Liberating Motherhood

The feminist slogan of the sixties, “sisterhood is powerful,” was not in itself a falsehood, but insofar as it led to an eclipse or a denial of the value of motherhood, it created a great deal of confusion and unhappiness for young women. Whereas the late John Paul II saw motherhood as a fulfillment of women, one collection of feminist essays offers this title: Motherhood: The Annihilation of Women. According to this book, children are simply an enormous burden, and bearing a child is equivalent to being sentenced to twenty years of hard labor.

 

After all, children interfere with a woman’s ability to seek the things that really matter — prestige, comfort, money, power, a stimulating career — all the things our culture holds out as the pearls of great price. In addition to pressures of selfishness and the pleasure-principles of our times, women have gradually come to accept the Playboy image of the ideal woman. Women feel they must become what they think men want them to be: young, thin, financially independent, childless, and sexually available, with no interest in commitment. That is, as the magazine’s title so shamelessly tells us, the ideal woman is a plaything for men. The willingness of women to accept this dehumanizing view of themselves is truly amazing; some women have even been known to sport T-shirts proclaiming in bold black letters across the front: BOY TOY.

When motherhood becomes a terror for women, and a threat to society, the main thing we must have above all else is reproductive control. “Planned parenthood” isn’t just the name of an organization; it has become the deepest moral imperative of modern life. John Paul II acknowledged in his Letter to Families and again in The Gospel of Life that there can be serious reasons to avoid the birth of a child for a time or even indefinitely. There are methods of natural family planning that enable couples to do this very effectively without divorcing the unitive dimension of the marriage act from its procreative dimension. Contraception always separates these two in practice, and over time it has the effect of separating them more and more in one’s mind, so that any unplanned pregnancy comes to be seen as a terrible mistake, a failure, a tragedy.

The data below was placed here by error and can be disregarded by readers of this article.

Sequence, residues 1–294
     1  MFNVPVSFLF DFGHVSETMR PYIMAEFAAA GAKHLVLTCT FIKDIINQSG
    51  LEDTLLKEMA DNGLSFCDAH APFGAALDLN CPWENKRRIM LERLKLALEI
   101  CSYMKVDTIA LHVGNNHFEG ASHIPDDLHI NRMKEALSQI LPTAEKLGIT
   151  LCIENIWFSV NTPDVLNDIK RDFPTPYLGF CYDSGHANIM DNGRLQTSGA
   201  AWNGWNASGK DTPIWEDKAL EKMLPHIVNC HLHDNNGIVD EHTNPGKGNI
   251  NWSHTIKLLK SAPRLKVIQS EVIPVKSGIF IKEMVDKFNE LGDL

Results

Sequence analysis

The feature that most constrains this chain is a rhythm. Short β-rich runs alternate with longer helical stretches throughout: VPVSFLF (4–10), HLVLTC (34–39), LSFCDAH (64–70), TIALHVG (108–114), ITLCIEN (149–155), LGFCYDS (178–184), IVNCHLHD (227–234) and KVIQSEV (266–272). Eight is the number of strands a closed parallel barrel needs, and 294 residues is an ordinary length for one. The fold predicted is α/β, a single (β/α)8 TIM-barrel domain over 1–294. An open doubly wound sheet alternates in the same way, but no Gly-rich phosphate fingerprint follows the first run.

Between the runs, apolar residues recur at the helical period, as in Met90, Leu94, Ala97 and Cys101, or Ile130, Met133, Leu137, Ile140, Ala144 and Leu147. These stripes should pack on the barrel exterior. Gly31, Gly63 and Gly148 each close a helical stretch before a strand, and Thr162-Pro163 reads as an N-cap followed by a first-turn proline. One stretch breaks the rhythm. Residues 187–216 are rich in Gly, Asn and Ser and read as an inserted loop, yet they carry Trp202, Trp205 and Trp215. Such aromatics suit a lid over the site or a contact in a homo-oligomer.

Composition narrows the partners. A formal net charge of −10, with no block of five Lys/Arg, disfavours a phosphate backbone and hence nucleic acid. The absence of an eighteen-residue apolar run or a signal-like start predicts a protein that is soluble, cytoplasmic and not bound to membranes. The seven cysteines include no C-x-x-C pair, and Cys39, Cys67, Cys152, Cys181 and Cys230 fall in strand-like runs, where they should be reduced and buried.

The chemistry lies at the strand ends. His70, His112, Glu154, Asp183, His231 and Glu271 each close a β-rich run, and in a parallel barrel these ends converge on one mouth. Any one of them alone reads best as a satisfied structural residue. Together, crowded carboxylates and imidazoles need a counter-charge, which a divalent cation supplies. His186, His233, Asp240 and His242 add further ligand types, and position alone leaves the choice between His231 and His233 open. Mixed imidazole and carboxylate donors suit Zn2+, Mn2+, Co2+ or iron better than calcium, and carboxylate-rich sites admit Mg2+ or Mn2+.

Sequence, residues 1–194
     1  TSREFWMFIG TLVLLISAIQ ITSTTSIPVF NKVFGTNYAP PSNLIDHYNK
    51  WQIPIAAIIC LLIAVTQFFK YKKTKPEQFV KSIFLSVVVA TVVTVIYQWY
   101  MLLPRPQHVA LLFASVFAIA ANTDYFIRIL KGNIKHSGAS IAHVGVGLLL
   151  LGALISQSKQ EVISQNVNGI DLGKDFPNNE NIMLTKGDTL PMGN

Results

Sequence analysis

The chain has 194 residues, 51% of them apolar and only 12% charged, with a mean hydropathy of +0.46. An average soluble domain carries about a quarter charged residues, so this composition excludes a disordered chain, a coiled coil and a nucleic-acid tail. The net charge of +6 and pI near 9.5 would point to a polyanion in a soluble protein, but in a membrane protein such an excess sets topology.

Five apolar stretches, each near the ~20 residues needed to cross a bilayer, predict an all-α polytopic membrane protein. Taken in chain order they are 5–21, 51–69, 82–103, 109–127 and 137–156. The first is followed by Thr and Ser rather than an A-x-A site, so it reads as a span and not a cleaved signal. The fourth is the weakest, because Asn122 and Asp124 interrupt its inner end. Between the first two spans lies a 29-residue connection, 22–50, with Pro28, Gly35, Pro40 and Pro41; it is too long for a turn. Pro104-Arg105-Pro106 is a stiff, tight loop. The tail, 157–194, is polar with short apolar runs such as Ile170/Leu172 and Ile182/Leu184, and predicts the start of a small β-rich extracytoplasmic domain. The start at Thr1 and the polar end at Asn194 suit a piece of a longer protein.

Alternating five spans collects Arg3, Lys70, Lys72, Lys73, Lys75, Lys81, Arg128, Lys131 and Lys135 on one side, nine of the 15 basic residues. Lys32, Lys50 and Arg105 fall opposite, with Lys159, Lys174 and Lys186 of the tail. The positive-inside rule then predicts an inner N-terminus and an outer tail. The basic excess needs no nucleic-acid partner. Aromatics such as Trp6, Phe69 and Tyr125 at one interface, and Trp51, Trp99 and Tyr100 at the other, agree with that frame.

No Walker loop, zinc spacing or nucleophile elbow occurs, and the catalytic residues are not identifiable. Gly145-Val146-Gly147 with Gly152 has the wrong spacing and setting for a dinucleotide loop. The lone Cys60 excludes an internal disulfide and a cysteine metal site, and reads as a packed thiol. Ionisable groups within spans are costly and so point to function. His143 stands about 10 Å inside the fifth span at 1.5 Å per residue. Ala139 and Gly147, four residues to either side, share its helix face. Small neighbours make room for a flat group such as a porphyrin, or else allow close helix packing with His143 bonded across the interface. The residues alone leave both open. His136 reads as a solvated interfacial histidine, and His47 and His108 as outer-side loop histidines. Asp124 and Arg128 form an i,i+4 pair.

When this mentality combines with the hedonism of our culture, it is inevitable that new life will be seen as the ultimate disaster. A woman’s child is suddenly her greatest enemy. Enemy of her health? Rarely. Of her relationships? Sometimes. It may be that the father doesn’t welcome his child and doesn’t welcome the woman as a mother — after all, mothers are clearly not toys, and everyone knows it. Is her child the enemy of the mother’s career ambitions or of her financial stability? Often, at least to some extent. Of her pursuit of pleasure? Always! Otherwise it wouldn’t be possible for radical feminists to find an audience for their work. The feminist author referred to above actually calls for a twenty-year moratorium on having children so that women can get on with more important things in life, unburdened by maternal responsibilities. Another has suggested that “until all women are lesbians, there will be no true political revolution.” I guess this means we’ll only have one generation of free women, but maybe it’s worth it.

What has been forgotten in these calculations is the truth about children. Children are priceless; they are precious beyond measure. Whether we use contraceptives or not, our attitude toward children can so easily be influenced by a hedonistic mentality — we can fail to welcome children as a gift from God and see them instead, in the well-worn phrase, as simply “another mouth to feed.” Pregnancy should be a cause of joy. The birth of a child is meant to be celebrated. Yes, it can be unanticipated; it can even bring a share in the cross; but this should not obscure the fact that the child is a great good, an infinite good. A child’s coming-to-be is not just a matter of “reproduction,” which can suggest a technical process under our control.